“For this event we coordinated with others in the area who were outraged at the government's response to the heroic whistleblowing of Edward Snowden,” said Chris Ernesto of St. Pete for Peace, the group which initiated the event. “It is the pattern of the government to quickly attack a whistleblower, so we felt we needed to match that immediacy and speak out. We chose Sen. Nelson's office because he vigorously defended the NSA spying program, spouting the tired cliche that spying is necessary for security purposes. Nelson also said Snowden should be prosecuted, but we believe it is Nelson who should be brought up on charges of being a traitor because he obviously is in contempt of the U.S. Constitution.”
In an editorial for the New York Daily News on June 12, Nelson referred to Snowden's actions as an “act of treason”.
Protestors held up signs plastered with the faces of Snowden and Bradley Manning, currently undergoing trial for allegedly passing classified material to Wikileaks in 2010. Chants included "Hey, hey, NSA is spying,
Obama is lying" and "Hey hey, ho ho, the NSA has got to go". The Tampa Light Brigade held up a sign comparing the tactics of the NSA to the Stasi of the German Democratic Republic. Cars driving by honked in approval.
“It's good to see all of these people together, especially considering that planning for this didn't begin until Tuesday,” said Rev. Bruce Wright of the Green Shadow Cabinet and the Poor People's Human Rights Campaign. “These types of protests start small, but they show the potential of what can be done.”
Police presence was minimal and mostly dedicated to keeping the sidewalk clear.
Currently no plans have been made for any follow up events.
“The plans following the protest will be determined,” said Ernesto, “but this is a pivotal moment for privacy of U.S. citizens and the Constitution, so the presumption is that we will continue to work to defend those who expose government wrongdoing.”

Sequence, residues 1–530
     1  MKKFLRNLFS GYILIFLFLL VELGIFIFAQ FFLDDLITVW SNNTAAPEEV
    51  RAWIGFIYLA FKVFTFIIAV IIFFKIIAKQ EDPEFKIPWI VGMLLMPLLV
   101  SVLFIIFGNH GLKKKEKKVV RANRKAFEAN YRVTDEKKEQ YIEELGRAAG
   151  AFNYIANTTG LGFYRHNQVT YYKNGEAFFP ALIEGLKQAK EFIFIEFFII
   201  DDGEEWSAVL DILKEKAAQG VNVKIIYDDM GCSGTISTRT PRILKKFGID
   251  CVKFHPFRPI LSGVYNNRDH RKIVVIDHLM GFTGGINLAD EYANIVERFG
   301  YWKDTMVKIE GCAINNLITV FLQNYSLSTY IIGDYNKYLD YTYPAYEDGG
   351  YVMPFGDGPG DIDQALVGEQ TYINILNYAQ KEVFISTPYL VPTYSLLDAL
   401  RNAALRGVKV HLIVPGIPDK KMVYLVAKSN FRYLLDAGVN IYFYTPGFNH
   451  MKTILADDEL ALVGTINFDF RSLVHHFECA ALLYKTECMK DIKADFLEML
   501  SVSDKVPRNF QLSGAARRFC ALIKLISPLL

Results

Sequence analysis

Brian Moore, Chair of the NatureCoast Coalition for Peace and Justice and Vice-chair of the Peace and Freedom Party of Florida, felt that future actions should be more aggressive, in order to bring more attention to the issue.
"The Rush hour timing was excellent, but of the mind that more aggressive actions should have been taken, like blocking the street. Carrying signs and chanting is fine, but not as effective as a more aggressive action, like blocking Senator Nelson's door, or blocking the federal government building door, or marching from one point to another with symbolic meaning, like AT&T offices to Federal government building. Something that would have prompted a police response, just bordering civil disobedience.Somehow the general public has be be drawn more into the mix. All of the participants yesterday were our typical full of passion left-leaning ideologues which are at all the anti-war events."
Just hours after the protest, the United States government filed espionage charges against Snowden. In a comment to Politico
, Nelson approved of the proceeding.
"Now that Snowden has been charged with espionage we'll continue to speak out and then wait to see what the response is," said Ernesto when contacted after the news broke. "If activists focus on this issue, and everyday Americans are bothered, this issue won't go away. But if people get distracted by the establishment's tactics, this could be an enormous loss for the future of this country."